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Understanding Drain Venting: Codes, Requirements, and Tips

Proper venting is a crucial part of any drain system. It’s so vital that the system is almost useless without it. The vents are responsible for letting air into the drain pipes, which eases pressure throughout the plumbing fixtures in your house, so the entire system keeps flowing properly.

In some cases, though, properly venting a drain can be a little difficult to achieve, considering that you’ll have to abide by the universal plumbing code. Besides, you may wonder how minuscule floor drains could necessitate any care at all, let alone venting.

Does A Floor Drain Need A Vent?

Drain Venting

All drain systems; floor drains included are vented by the combination waste and vent system. That said, however, whether or not venting is necessary in your specific case depends on the local code.

For example, the New York City Plumbing Codes for 2014 removed the need for vents if the floor drain is located not more than 15 feet (4572 mm) from the vented line to which it connects. The Kansas City Code, on the other hand, takes this distance to at least 25 feet.

If it is really an emergency drain- one that you’ll hardly use in normal circumstances- then there’s no need to connect it to the rest of your plumbing at all. There just has to be a straight pipe leading into a basement sump pump, outside the house, or probably into a crawl space.

The reason behind this is that if you connect your normal plumbing, you will require a trap. This trap stays partially filled with water to prevent the smell of the sewer from entering the house. Otherwise, with time, the water will evaporate the trap and let the sewer smell enter your room.

How Far Can You Run a Drain Without Venting?

If you have a drain that’s often in use, this should not be a problem since you’ll be refilling the trap every time you use the drain. This is especially if your emergency floor drain is only there to help get rid of water in case the washing machine malfunctions and overflows, for instance.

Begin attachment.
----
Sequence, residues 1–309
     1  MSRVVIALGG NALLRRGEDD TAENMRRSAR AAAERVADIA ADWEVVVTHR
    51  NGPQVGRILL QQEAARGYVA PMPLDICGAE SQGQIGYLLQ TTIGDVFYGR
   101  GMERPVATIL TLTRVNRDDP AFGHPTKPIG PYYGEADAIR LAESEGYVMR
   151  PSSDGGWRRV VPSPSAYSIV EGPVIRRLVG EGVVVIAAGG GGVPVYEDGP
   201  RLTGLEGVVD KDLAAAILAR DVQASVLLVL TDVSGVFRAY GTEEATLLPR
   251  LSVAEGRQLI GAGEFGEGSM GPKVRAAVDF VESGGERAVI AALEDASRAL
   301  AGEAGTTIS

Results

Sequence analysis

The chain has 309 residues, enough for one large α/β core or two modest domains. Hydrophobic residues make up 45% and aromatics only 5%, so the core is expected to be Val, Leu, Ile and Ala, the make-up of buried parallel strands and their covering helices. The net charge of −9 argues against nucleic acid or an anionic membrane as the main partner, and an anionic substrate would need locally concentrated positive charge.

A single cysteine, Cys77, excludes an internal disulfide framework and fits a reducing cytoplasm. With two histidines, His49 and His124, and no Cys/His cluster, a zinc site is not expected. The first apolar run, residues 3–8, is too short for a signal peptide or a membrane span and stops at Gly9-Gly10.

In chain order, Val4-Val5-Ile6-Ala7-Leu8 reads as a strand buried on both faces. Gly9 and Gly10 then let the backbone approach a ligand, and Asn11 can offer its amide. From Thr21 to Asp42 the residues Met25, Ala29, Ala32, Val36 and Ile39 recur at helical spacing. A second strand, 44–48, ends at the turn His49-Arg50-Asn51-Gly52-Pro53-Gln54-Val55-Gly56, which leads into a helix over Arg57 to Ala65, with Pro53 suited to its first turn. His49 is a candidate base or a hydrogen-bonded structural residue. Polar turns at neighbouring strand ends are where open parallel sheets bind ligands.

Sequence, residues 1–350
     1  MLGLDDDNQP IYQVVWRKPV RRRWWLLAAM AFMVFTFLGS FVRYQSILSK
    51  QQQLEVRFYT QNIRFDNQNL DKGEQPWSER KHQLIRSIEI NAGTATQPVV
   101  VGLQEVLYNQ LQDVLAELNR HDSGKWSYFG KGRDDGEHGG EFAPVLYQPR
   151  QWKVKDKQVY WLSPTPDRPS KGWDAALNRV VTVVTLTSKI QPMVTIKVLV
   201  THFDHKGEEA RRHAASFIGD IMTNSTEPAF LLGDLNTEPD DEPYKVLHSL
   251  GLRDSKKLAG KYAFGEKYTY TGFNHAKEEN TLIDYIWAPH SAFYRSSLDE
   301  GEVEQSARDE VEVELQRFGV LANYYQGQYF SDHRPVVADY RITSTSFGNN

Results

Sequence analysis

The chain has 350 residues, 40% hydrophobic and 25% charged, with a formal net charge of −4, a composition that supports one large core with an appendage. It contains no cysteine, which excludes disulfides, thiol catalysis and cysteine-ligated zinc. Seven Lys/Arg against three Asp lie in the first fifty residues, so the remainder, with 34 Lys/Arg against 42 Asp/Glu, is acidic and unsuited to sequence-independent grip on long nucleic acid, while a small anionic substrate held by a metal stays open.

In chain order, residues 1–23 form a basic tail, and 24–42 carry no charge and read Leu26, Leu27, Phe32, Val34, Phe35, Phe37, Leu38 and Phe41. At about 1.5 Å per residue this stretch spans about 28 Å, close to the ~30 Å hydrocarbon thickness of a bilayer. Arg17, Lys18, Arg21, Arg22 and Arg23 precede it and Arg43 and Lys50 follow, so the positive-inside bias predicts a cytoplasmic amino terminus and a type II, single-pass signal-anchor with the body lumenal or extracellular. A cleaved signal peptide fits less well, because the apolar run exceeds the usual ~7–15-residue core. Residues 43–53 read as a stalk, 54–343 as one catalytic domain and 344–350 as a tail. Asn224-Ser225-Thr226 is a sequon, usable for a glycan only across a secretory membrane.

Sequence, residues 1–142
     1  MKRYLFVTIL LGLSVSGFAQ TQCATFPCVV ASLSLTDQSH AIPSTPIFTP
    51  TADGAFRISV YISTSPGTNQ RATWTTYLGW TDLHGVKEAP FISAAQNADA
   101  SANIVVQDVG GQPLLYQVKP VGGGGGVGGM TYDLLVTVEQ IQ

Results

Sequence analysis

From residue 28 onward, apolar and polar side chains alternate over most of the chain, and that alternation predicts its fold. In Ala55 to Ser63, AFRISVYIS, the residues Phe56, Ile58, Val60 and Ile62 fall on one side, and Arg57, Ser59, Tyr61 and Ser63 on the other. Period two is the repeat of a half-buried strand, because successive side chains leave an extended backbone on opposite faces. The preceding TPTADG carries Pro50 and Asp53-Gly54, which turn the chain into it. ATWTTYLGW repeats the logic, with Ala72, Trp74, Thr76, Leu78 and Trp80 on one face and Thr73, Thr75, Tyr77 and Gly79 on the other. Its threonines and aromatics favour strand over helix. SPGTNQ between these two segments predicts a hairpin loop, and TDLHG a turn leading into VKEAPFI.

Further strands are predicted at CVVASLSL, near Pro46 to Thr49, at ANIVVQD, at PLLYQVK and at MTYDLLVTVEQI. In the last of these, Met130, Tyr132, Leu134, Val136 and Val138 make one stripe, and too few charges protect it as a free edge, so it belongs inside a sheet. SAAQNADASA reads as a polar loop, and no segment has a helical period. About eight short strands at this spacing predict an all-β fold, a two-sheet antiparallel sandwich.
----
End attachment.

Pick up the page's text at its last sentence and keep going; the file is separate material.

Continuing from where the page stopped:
The New York City Plumbing code suggests that any drain should be properly trapped. Traps essentially prevent a two-way passage through the drain by blocking sewer and odors from entering the space.

In such very rare cases, it may not be a big deal to simply let the water run into the yard or crawlspace, even though directing it to a sump (then to into the yard) is probably the most viable option since it keeps the open end of the pipe inside the basement; that is if you have one.

The distance recommended for a drain to run without a vent depends on the minimum and maximum values in pipe diameters.

Take pipe diameter differences into account. The usual rule is to be very careful when venting pipes under 4″. A 2-inch one can be 5 feet from the vent. However, a 3″ pipe should be 6 feet away.

How Many Drains Can You Have on One Vent?

Well, the number of drains a single vent can hold depends largely on the size of the fixtures and the vent. According to the Universal Plumbing Code, no more than 24 fixtures less than 75 feet in height can connect to a stack of size 3”.

Can You Connect Floor Drains To The Sewer?

The building regulations may allow floor drains to connect to the sewer. The sump pit can also hold them. Regardless, undesired water is dumped outside the house.

Can a Washing Machine Drain Into a Floor Drain?

While a washing machine can drain into a floor drain, this is allowed only if the drain is connected to the sewer. In case the drain waterfalls into a sump pit, check your code. The local code often discourages draining water mixed with chemicals and detergents.

Importance of Good Venting

Drain Venting

Vent pipes work more like a window to the drain. They allow fresh air into the fixture and eliminate the possibility of a vacuum. The oxygen in the air helps to break down the waste coming in with the water. The vent also blocks all sewer gasses trying to enter the room through the drain.

Do Floor Sinks Require Venting?

As we’ve mentioned earlier, whether or not venting a floor drain is necessary depends on your local plumbing codes- and floor sinks are no exceptions. Generally, venting traps will be required for the smooth performance of the plumbing fixture.

Vent Systems and Combination Waste

All floor drains are limited to the combination waste and vent system to vent traps. The system involves the use of a standard pipe that connects the fixture drains of one or more sinks. In any case, it should not be more than 8 inches in diameter.

Venting a Combination System

The 2014 New York City plumbing code requires a combination system to be linked to a dry vent or horizontal vented drain. The atmosphere flows freely with this link. Note that vent pipes must be at least 1 ½ inches.

The level portion should have a slope of a maximum of ½ vertical units and 4 horizontal units. As for the minimum value, it depends on the size of the drain. The vent connection must also extend up to a minimum of 6 inches above the rim of the floor sink before offsetting.